Characterizing the Range of Childrens Air Pollutant Exposure During School
by Lisa D. Sabin, Eduardo Behrentz, Arthur M. Winer, Seong Jeong, Dennis R. Fitz, David V. Pankratz, Steven D. Colome And Scott A. Fruin
Although ambient air pollution contributes to adverse health effects, exposure to the highest concentrations of many air contaminants occurs in other microenvironments, such as vehicles. Roadways and sidewalks have been shown to exhibit the highest outdoor concentrations for many air pollutants and elevated concentrations of elemental carbon and polycyclic aromatic hydrocarbons (PAH) have been recorded in tunnels and on heavily traveled roadways (Benner et al., 1989; Venkataraman et al., 1994; Kirchstetter and Harley, 1999). In-vehicle concentrations have been shown to be higher than those measured at fixed site monitors and in some cases higher than those measured along roadways (Shikiya et al., 1989; Ptak and Fallon, 1994; Lawryk and Weisel, 1995; Rodes et al., 1998; Alm et al., 1999). However, although a number of studies have investigated exposure to air pollutants inside vehicles, the majority of these focused on passenger cars and pollutants predominantly emitted by them (carbon monoxide and volatile organic compounds), and few focused on dieselrelated pollutants such as particulate matter (PM), particlebound PAH (PB-PAH) or black carbon.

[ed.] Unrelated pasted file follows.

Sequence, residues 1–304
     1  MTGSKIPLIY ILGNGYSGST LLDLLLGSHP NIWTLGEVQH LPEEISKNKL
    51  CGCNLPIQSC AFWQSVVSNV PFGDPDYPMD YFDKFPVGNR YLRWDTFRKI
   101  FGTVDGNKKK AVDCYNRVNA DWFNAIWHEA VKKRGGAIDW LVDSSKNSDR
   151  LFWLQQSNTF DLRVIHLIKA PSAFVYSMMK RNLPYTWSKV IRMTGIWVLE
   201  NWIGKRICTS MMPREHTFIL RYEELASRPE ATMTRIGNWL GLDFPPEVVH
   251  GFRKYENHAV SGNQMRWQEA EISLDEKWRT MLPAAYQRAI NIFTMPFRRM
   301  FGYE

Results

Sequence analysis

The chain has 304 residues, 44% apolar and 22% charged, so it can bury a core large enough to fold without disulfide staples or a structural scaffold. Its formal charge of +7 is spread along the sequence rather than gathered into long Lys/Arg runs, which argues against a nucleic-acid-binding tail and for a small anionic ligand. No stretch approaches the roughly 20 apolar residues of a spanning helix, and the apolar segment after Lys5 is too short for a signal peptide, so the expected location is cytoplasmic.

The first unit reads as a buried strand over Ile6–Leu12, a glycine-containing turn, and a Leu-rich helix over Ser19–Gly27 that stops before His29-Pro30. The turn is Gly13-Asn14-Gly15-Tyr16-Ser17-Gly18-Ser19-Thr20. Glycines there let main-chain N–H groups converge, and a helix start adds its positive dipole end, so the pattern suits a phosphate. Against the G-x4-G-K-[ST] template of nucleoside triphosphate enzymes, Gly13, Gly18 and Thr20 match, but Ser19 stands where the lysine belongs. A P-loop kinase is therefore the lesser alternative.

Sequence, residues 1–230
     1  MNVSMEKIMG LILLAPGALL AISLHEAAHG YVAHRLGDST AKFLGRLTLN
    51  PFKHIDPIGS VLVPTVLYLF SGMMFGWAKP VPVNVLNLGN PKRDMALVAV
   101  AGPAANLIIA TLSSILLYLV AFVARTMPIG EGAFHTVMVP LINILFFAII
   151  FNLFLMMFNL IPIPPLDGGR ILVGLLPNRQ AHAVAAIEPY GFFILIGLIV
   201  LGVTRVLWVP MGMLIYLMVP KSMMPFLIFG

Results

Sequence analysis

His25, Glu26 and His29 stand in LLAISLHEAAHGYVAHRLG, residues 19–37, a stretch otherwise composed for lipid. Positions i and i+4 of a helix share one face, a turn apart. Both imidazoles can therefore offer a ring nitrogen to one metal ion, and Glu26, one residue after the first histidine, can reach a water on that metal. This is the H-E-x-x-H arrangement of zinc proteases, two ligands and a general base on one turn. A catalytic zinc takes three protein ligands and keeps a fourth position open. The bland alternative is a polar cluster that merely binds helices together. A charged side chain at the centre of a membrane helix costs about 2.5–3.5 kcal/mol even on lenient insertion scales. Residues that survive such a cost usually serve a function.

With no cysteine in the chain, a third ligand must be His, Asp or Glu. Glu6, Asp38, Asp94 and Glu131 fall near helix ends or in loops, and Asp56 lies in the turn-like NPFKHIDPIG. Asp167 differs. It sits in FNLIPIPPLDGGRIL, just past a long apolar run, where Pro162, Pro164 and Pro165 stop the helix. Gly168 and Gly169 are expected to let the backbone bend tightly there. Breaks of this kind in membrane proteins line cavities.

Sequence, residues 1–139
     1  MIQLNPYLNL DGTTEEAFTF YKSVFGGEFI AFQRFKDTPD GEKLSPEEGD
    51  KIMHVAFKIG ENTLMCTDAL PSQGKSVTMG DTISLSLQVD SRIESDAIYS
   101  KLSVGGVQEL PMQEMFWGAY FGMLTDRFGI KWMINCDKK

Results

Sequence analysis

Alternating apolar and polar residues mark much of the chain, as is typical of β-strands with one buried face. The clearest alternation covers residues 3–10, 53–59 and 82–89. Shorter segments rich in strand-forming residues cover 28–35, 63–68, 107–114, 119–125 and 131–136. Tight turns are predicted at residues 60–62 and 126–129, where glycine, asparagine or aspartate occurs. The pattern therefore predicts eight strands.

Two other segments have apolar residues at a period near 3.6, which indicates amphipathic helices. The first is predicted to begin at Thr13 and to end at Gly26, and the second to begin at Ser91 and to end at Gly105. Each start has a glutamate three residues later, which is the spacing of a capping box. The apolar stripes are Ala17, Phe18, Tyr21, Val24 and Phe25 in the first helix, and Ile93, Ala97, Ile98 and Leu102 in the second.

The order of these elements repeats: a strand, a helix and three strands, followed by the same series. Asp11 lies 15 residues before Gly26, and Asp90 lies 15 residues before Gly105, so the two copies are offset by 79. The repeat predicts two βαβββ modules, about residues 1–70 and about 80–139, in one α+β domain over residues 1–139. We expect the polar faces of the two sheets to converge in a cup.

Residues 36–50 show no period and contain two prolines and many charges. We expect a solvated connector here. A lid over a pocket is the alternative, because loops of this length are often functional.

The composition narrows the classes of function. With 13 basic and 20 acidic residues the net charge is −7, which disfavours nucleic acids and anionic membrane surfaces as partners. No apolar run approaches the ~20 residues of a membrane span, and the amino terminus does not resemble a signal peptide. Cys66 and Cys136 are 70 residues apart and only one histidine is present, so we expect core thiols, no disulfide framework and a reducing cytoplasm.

As children are more susceptible to adverse health effects from air pollution (Lipsett, 1989; Wiley et al., 1991), potentially high pollutant exposures during school bus commutes are of concern, but few studies have attempted to characterize concentrations on board school buses. Solomon et al. (2001) investigated the concentrations of PM2.5 and black carbon inside four diesel school buses in the Los Angeles area, including measurements inside and outside buses, Received 16 March 2004; accepted 27 October 2004 and in a passenger car traveling ahead of the bus. They reported levels of black carbon inside the bus increased when all windows were closed and decreased with windows open, and were higher in the back of the bus compared to the front. They concluded the level of black carbon in the back of a school bus with windows closed could be up to four times higher than in a passenger car ahead of the bus.
Wargo et al. (2002) reported concentrations of black carbon and PM2.5 inside commuting diesel school buses in rural Connecticut were often 5–10 times higher than background concentrations. They found several important variables affected the concentrations of pollutants inside school buses, including bus ventilation via windows, bus idling behavior, and outdoor concentrations on bus routes. They also tested a school bus fueled with natural gas and observed 60–98% less black carbon on board than on diesel-powered buses.
In the present study, we investigated the range of exposures experienced by children during commutes on different types of school buses (e.g. conventional diesel, particle trapoutfitted diesel and natural gas) and bus routes, and identified factors leading to higher exposures.
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Published: Monday, July 14, 2008